By Karen Webster PYMNTS
P.T. Barnum perfected the art of showmanship, a reputation burnished by the spectacular fame of the traveling circus and side show that bore his name: the Ringling Bros. and Barnum & Baily Circus. Barnum grew a series of small but well-marketed performances of human oddities into a full-blown traveling circus/freak show extravaganza for 146 years before the “big top” folded forever in 2017.
FYI, his first show in 1841 featured a woman who was then reportedly 161 years old and George Washington’s nurse.
Lesser-known about Barnum are his many business and financial ups and downs, including his fight back from bankruptcy in the mid-1800s. In 1880, he published a book titled “The Art Of Money Getting” to share what he had learned as an entrepreneur and local politician in the town of Bridgeport, Connecticut, where he and his family lived.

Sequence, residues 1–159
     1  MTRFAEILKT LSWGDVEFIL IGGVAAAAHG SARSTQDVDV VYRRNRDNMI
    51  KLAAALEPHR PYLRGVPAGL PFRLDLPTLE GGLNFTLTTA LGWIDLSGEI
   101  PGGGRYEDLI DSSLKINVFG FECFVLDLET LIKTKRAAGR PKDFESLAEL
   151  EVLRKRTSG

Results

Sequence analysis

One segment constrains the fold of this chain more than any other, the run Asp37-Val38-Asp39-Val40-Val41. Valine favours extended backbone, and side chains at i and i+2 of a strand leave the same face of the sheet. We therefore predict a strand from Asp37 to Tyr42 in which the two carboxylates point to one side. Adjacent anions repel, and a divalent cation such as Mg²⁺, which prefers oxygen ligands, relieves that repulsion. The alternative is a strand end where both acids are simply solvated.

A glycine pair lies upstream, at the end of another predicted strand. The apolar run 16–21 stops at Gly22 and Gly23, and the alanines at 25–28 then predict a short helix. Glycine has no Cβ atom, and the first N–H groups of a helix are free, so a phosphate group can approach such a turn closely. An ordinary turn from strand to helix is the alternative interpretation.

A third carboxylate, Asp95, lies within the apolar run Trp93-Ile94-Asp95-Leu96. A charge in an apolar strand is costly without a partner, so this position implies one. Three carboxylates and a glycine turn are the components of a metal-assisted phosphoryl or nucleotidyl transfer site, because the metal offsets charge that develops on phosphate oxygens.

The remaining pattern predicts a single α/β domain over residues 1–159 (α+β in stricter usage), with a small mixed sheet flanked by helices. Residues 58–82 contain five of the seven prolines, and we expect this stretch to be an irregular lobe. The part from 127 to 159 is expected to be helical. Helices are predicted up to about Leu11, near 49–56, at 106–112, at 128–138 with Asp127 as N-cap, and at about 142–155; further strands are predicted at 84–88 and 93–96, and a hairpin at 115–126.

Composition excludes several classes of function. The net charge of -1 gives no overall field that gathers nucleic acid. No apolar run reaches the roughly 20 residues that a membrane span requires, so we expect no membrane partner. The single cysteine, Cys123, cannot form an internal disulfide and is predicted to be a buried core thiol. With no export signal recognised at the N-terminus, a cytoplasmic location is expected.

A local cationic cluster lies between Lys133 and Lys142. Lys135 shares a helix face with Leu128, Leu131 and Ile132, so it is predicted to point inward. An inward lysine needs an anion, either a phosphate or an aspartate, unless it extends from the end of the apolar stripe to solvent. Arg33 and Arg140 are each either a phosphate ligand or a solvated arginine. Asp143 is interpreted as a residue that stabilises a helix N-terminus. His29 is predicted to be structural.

True to Barnum himself, the book is filled with quotable quotes – including an entire chapter titled “Don’t Blab,” advising entrepreneurs to never talk about losing money, and one reminding them to always “Preserve Your Integrity.”
One quote in the book that is particularly relevant to one of the hottest topics in payments today goes like this: “Comfort is the enemy of progress.”
In business, comfort is commonly referred to as inertia.
Inertia can be the death knell of any innovation – and in payments, it’s the proverbial showstopper.
For innovation to ignite, stakeholders must find enough value to switch. It’s not enough for switching to be easy (although that definitely helps). Switching has to create enough value to invest in the people, processes and technology to make the move. And they must be convinced that switching will give them a shot at improving their customer relationships and business propositions to get a return on those investments.